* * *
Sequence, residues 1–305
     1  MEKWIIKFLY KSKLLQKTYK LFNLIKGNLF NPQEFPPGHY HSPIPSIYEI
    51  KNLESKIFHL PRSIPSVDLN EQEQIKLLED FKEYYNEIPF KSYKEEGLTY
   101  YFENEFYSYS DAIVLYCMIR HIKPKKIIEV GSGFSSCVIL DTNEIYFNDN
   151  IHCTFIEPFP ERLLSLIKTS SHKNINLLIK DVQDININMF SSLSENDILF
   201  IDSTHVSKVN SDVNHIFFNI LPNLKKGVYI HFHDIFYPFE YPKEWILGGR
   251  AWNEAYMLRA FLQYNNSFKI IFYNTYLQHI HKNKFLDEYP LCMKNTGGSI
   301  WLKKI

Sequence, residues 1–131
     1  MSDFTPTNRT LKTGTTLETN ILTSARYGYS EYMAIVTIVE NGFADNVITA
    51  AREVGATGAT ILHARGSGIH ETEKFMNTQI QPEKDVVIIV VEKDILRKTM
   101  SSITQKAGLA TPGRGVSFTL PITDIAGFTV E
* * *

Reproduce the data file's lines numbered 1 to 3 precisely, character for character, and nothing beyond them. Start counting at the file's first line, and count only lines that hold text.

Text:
Sequence, residues 1–305
     1  MEKWIIKFLY KSKLLQKTYK LFNLIKGNLF NPQEFPPGHY HSPIPSIYEI
    51  KNLESKIFHL PRSIPSVDLN EQEQIKLLED FKEYYNEIPF KSYKEEGLTY